• One of the four officers charged in connection with George Floyd’s death on Memorial Day in Minneapolis posted bail and was released from jail.

Our live blog will be updated throughout the day. For first-in-the-morning updates, sign up for the Daily Briefing. Here’s the latest news:

Black mayors says moment is right to make history

USA TODAY reached out to some of the nation’s roughly 500 black mayors in cities large and small to get a sense of their view on this historic moment for U.S. policing and race relations. They said reforming the way officers do their work has long been a priority that has yielded mixed results. All said that Floyd’s death represents an opportunity to remake a flawed system.

“Everyone I’ve spoken with in our group feels this is different,” says McKinley Price, mayor of Newport News, Virginia, and president of the African American Mayors Association. “When Floyd’s little daughter Gianna said in that video, ‘My daddy changed the world,’ we might look back at that moment and say that he did.”

Marco della Cava and Kameel Stanley

Fence coming down at protest site near White House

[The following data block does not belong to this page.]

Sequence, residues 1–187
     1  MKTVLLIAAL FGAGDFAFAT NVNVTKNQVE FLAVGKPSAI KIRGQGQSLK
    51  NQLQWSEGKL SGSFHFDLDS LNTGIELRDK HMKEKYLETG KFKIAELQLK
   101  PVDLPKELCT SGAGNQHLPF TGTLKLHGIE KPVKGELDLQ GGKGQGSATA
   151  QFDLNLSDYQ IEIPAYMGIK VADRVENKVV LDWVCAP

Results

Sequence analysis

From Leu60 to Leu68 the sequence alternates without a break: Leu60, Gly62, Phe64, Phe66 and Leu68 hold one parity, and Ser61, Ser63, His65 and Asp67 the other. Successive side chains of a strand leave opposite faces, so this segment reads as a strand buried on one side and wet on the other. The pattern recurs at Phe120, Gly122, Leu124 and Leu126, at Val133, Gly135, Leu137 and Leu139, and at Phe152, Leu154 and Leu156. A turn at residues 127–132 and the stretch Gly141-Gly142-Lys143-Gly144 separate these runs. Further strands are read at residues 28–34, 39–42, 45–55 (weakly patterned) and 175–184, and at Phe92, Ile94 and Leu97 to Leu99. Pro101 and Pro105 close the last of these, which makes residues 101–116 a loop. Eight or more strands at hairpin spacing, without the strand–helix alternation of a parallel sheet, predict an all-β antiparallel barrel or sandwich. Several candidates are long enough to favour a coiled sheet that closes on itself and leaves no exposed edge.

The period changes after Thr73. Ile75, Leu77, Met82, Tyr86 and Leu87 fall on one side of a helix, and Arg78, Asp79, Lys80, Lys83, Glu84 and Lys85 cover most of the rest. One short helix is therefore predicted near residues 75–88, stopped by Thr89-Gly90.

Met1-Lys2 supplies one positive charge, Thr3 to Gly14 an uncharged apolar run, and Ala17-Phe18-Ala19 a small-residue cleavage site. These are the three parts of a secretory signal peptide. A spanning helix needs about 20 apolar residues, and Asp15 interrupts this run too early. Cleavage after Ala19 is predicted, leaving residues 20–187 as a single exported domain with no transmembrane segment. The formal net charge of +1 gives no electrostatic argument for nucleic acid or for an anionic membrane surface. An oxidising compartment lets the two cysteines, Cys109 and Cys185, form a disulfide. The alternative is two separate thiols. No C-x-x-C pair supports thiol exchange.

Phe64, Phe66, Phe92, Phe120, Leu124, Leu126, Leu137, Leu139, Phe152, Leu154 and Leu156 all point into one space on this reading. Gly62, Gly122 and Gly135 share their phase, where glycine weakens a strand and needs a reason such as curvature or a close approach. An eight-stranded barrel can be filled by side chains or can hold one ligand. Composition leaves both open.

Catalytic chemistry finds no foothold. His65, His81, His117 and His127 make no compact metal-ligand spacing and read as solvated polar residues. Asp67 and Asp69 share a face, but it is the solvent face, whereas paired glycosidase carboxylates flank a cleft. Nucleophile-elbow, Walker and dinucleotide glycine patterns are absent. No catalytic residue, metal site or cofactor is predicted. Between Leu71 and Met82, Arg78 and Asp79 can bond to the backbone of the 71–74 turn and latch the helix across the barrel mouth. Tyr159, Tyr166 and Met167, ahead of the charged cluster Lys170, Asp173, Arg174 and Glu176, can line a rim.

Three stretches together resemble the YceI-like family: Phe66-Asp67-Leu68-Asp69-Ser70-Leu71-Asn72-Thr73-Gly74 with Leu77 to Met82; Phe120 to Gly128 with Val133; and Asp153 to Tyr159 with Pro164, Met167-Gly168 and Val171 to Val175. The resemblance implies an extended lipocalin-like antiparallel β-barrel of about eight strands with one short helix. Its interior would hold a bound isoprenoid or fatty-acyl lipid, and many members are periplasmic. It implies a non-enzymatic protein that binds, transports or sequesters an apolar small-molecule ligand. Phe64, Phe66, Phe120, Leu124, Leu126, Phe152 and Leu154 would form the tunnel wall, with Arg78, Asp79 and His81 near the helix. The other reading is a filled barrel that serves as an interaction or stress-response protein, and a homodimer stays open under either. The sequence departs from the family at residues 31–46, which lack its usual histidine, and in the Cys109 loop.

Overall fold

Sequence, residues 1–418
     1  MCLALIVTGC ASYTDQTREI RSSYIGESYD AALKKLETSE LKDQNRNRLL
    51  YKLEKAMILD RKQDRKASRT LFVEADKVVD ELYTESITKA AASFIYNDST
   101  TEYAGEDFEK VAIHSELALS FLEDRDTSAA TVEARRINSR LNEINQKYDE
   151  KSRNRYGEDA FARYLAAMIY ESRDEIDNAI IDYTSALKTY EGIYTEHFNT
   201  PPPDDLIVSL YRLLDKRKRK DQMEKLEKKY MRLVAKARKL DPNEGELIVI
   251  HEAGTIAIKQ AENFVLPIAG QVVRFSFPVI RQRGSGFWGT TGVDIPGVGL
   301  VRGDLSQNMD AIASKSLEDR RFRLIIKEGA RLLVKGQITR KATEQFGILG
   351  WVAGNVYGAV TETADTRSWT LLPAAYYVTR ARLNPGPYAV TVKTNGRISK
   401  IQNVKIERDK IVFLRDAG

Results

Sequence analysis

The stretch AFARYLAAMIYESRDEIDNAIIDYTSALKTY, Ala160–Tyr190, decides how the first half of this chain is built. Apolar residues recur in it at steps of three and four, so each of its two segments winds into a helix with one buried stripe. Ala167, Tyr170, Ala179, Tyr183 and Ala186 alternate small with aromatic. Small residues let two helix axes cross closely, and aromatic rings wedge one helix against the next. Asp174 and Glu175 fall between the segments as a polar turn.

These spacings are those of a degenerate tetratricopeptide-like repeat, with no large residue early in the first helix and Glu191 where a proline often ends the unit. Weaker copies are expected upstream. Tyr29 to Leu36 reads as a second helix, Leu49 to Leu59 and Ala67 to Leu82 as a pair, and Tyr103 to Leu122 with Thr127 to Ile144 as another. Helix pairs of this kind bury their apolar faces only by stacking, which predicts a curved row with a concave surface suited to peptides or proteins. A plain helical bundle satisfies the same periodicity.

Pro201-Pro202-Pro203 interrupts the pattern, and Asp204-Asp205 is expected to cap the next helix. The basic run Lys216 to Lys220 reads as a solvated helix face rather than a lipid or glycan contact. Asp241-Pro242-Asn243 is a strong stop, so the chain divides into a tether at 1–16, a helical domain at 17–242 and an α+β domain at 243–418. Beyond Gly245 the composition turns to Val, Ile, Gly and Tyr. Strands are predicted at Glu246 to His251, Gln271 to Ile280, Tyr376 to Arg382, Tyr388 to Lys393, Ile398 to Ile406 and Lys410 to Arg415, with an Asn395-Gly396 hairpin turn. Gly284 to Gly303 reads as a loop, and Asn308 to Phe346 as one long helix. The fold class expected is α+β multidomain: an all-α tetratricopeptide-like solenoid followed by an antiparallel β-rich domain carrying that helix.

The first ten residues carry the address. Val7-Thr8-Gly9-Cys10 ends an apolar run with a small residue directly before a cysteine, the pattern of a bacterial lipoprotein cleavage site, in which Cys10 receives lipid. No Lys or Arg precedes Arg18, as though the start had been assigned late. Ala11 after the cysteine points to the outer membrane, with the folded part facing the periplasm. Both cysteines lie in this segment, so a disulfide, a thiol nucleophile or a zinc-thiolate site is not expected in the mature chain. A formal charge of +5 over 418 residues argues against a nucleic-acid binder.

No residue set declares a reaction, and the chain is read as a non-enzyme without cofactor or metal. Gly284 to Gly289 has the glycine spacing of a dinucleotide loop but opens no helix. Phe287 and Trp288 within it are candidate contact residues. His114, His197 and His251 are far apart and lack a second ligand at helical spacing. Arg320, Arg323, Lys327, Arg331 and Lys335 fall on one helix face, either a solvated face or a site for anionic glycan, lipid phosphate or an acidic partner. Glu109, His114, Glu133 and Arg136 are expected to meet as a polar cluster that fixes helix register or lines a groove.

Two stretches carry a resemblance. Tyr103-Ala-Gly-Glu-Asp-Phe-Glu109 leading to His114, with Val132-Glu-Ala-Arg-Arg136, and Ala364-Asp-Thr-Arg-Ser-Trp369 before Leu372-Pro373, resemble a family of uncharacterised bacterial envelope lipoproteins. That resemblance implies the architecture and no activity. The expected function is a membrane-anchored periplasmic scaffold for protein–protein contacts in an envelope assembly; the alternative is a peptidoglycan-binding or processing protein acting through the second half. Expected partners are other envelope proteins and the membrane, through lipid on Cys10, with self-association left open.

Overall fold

Temporary security fencing installed by the Secret Service around Lafayette Park, scene of contentious protests in front of the White House, was coming down, the agency said. Earlier, authorities had said some fencing on the other side of the White House was being removed and cited “discussions” with the Park Service about the fencing near the park, for decades a site for protests aimed at gaining the attention of presidents. Now the Secret Service says the fence is coming down.

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“The public will have access to Lafayette Park beginning on June 11,” the agency said in a statement. “Some temporary fencing will remain around areas damaged (such as the Lafayette Lodge House) while the National Park Service makes repairs.”